Empowered: How CIOs Are Connecting Community With Customers
This excerpt from the new book Empowered, by Forrester's Josh Bernoff and Ted Schadler, explores how CIOs are supporting "Highly Empowered and Resourceful Operatives," aka HEROes, with technology innovation.
[You can learn more about Empowered, the new book by Forrester's Josh Bernoff and Ted Schadler, here. The chapter excerpted below is entitled "Supporting HEROes with technology innovation."]
Gerald Shields is an insatiably curious chief information officer; he reads fifty books a year. He's always looking for the next big idea, the new important thing around the next corner. That curiosity has paid off for Gerald’s employer, Aflac.
Aflac is a supplemental insurance company, memorable for its talking duck and the wise words of spokesperson Yogi Berra. A lot of people interact with Aflac. Eighty thousand licensed agents sell its products to employers. The company works with four hundred thousand payroll and benefits administrators who serve 50 million individual policyholders.
In 2008, Gerald decided that what was around the next corner was social technology and communities.
Most CIOs don’t think about stuff like this. Gerald's day job is to manage six hundred IT professionals and a $135 million budget. His people operate the systems that keep Aflac's transactions flowing and the networks that bind the company together. They are responsible for keeping Aflac safe from bad-guy attacks on customer data and in compliance with regulations. And he’s good at it; he was on CIO Magazine’s Top 100 CIOs list in 2006 and 2008.
But in addition to running these systems, Gerald feels it’s his job to show other executives the power that technology has to serve customers, starting with social technologies. Here’s how he did it.
First he educated his direct reports and Paul Amos, Aflac's North American president and the grandson of the company’s founder. Having convinced Paul, he began to work with the new CMO, Jeff Charney. Paul convened managers from all over the company for a workshop on social technologies. Cross-functional groups developed plans, which went through a rigorous review.
Out of those reviews, Jeff and Gerald selected the two most promising ideas and built communities with technology from community vendor Lithium. The first was a community site for the independent sales associates called The Buzz. With eighty thousand field people selling thousands of deals per month, it’s important to give these independent agents a way to connect to each other and to their sales, service, and marketing support teams. On The Buzz, they can get and share information and help, exchange views and experiences, and interact with Aflac executives, including the head of customer service and Gerald. Each month, 28 hundred associates visit or make a contribution.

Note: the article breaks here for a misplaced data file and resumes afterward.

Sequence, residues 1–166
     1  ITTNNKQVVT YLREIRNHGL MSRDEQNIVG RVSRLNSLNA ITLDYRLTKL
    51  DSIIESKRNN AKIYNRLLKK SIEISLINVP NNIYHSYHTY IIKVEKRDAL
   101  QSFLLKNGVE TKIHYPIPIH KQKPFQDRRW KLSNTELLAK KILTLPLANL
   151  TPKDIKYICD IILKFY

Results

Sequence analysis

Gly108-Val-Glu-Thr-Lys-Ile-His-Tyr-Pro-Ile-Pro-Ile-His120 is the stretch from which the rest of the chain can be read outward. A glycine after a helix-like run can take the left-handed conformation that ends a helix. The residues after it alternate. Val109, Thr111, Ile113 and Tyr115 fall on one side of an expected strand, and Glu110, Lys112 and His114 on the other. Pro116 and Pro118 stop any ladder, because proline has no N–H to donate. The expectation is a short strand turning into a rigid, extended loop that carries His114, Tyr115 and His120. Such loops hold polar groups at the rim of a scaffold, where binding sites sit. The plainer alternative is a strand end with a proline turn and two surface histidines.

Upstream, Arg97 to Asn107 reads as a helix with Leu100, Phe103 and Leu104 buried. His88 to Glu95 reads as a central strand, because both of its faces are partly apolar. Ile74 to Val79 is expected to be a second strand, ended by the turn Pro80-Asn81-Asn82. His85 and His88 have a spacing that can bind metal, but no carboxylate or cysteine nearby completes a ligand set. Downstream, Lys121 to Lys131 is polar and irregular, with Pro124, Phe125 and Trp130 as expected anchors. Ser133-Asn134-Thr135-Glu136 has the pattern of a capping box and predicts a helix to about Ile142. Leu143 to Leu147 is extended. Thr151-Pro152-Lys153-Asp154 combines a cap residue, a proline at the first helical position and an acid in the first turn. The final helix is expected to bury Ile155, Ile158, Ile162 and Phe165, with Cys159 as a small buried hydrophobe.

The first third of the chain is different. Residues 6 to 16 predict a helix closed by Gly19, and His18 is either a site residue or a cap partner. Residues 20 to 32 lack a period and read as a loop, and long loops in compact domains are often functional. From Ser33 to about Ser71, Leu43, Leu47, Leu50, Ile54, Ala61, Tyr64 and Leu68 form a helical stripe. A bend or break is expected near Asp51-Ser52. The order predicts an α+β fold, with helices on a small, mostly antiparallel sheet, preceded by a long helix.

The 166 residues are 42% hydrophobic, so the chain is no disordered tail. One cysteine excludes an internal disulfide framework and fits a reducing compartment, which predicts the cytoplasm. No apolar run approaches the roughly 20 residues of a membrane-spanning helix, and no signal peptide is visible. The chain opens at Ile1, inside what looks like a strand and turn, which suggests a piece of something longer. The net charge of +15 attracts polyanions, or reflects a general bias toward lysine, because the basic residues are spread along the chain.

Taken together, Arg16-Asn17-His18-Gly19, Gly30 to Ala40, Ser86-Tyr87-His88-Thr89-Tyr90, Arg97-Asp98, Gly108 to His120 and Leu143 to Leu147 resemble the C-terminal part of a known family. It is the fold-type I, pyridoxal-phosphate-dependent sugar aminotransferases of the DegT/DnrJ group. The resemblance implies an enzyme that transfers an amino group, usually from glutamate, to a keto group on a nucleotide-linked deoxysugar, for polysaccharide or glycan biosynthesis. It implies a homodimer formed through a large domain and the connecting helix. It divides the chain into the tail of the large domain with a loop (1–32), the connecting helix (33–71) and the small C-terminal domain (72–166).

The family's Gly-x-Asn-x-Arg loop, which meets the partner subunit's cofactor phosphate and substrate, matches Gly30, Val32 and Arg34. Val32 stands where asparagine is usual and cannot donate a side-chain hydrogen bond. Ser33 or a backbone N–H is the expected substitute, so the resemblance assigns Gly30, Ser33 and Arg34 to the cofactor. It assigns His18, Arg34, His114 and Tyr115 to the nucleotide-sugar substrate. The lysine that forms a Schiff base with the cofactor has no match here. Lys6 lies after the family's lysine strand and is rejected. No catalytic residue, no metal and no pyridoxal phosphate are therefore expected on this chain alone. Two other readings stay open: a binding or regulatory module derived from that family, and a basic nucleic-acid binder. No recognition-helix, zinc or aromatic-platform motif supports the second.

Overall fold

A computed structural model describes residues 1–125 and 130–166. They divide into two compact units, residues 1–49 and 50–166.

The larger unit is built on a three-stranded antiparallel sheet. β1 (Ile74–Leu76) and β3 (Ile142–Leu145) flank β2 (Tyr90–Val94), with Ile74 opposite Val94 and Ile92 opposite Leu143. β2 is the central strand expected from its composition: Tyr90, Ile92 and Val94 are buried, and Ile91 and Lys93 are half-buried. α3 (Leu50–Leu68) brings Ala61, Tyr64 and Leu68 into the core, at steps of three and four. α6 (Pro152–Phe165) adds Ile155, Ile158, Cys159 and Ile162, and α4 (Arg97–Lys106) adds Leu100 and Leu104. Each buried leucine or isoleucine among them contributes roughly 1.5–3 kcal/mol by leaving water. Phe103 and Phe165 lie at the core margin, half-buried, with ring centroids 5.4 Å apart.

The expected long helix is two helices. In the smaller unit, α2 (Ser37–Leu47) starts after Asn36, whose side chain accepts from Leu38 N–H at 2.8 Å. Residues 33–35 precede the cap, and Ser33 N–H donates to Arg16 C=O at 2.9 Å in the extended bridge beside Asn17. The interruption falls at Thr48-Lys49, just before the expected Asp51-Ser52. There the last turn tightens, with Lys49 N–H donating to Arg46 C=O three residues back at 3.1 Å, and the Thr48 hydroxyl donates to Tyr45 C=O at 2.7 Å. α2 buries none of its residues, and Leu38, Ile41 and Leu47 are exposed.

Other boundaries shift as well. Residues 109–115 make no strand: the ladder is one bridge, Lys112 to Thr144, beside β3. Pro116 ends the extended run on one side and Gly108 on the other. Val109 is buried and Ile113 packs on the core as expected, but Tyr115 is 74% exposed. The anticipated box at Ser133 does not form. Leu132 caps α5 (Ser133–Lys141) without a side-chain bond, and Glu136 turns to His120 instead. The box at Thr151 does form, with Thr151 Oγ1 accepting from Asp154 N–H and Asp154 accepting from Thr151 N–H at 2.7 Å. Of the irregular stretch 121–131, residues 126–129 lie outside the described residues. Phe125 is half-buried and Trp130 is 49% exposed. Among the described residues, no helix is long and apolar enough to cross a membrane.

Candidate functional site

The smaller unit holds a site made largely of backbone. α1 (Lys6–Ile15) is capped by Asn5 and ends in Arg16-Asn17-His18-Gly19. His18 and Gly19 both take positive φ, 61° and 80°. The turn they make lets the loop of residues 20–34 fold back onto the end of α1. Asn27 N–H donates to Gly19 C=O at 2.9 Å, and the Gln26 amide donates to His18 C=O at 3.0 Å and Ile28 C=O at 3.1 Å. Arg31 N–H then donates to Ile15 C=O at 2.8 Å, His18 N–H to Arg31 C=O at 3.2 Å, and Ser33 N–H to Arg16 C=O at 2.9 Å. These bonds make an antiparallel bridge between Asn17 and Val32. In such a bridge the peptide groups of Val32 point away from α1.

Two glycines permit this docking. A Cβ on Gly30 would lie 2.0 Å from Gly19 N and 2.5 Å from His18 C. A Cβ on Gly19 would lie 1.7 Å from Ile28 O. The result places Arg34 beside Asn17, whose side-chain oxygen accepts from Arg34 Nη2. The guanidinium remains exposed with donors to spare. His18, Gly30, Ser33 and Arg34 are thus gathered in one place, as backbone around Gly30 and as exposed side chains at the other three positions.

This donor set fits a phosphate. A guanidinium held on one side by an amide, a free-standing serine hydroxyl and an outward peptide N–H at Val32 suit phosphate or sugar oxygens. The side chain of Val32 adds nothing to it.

The second community, called Duck Pond, serves Aflac's two hundred thousand online billing and payroll administrator customers in the United States. Payroll administrators are a group that needs friends, since they typically slave away in human resources or finance with few internal peers. Duck Pond helps these professionals connect and share their experiences and concerns, Aflac-related or not. For Aflac, Duck Pond is a great way to serve these customers while building loyalty. In Gerald’s words, "We don’t want you to think of Aflac as just a supplemental insurance company.We want you to say, 'Wait a minute. I’m on Duck Pond all the time.' "
InformationWeek Must Reads Oct. 21, 2014InformationWeek's new Must Reads is a compendium of our best recent coverage of digital strategy. Learn why you should learn to embrace DevOps, how to avoid roadblocks for digital projects, what the five steps to API management are, and more.